In October 2017 Dr Katie Sutton (Australian National University) spoke to us on ‘Scientific Respectability and Popular Disseminations of Sex Research in Interwar German Film’.
In the socially progressive and politically tumultuous interwar period, researchers in the German-speaking lands were world leaders in the study of sex. Increasingly, sexologists such as Magnus Hirschfeld in Berlin and Eugen Steinach in Vienna were turning not only to photography as a seemingly more ‘scientific’ evidential medium than the narrative patient histories upon which they had once relied, but also the cutting-edge technologies of film.
Followers of Freudian psychoanalysis likewise began to explore the potential of cinematic media at this period. Historians have noted the lack of research on how photographs function ‘as mediators between scientific and popular culture’ (Tucker, Nature Exposed, 2005). Extending this impetus to moving images, this paper will focus on two films, one documentary and one fictional, that deal with questions of deviant sexualities and personalities in ways that aligned with the important Weimar-era genre of the social hygiene film. The Steinach-Film (The Steinach Film, 1923), a documentary detailing Viennese physiologist Eugen Steinach’s pioneering sex organ transplant experiments into the workings of the sex hormones, explores the physiological basis for a potential ‘cure’ for homosexuality and other ‘intermediary’ sexual forms. G W Pabst’s Geheimnisse einer Seele (1926), written by Freudian followers including Karl Abraham and Hanns Sachs, presents a thriller narrative as a means of popularizing the still-new methods and theories of psychoanalysis. This paper argues that sexologists and psychoanalysts not only worked with filmmakers to disseminate their research and methods to broader publics, but also used the medium of film to reinforce the scientific respectability of their still fledgling disciplines.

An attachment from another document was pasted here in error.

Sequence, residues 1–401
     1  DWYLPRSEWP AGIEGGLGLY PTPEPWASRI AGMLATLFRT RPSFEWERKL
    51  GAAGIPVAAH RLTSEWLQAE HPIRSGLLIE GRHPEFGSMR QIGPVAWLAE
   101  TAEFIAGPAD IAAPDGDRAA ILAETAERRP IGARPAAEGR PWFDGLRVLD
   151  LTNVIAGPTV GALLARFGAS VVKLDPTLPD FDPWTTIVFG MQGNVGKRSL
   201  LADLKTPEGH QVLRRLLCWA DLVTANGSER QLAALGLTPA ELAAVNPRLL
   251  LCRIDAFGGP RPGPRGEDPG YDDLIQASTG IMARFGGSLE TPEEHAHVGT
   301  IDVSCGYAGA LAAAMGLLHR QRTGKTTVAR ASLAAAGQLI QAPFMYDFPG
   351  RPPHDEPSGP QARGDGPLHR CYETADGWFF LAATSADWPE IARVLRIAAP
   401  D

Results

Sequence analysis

Dr Sutton’s research and teaching interests focus particularly on German 20th and 21st-century culture, literature, and history, from the social and cultural upheaval of the Weimar Republic to the German cinema revival of the 2000s. Dr Sutton is currently working on a monograph that examines the interdisciplinary relationships and debates between sexology and psychoanalysis from the turn of the 20th century through to the interwar period. She is the author of The Masculine Woman in Weimar Germany (New York: Berghahn Books, 2011, pb. 2013), which explored the widely-discussed ‘masculinization of woman’ in 1920s German popular culture, in areas such as fashion, sport, literature, cinema, and magazines produced by newly emerging sexual minorities.
This seminar is hosted by the University of Exeter’s Centre for Medical History and the Rethinking Sexology project, and is part of the Medical History and Humanities seminar series (details of which can be found here)
If you have any questions about the event then please get in touch with either of the co-conveners: Dr Ina Linge (K.Linge@exeter.ac.uk) or Dr Sarah Jones (S.L.Jones@exeter.ac.uk)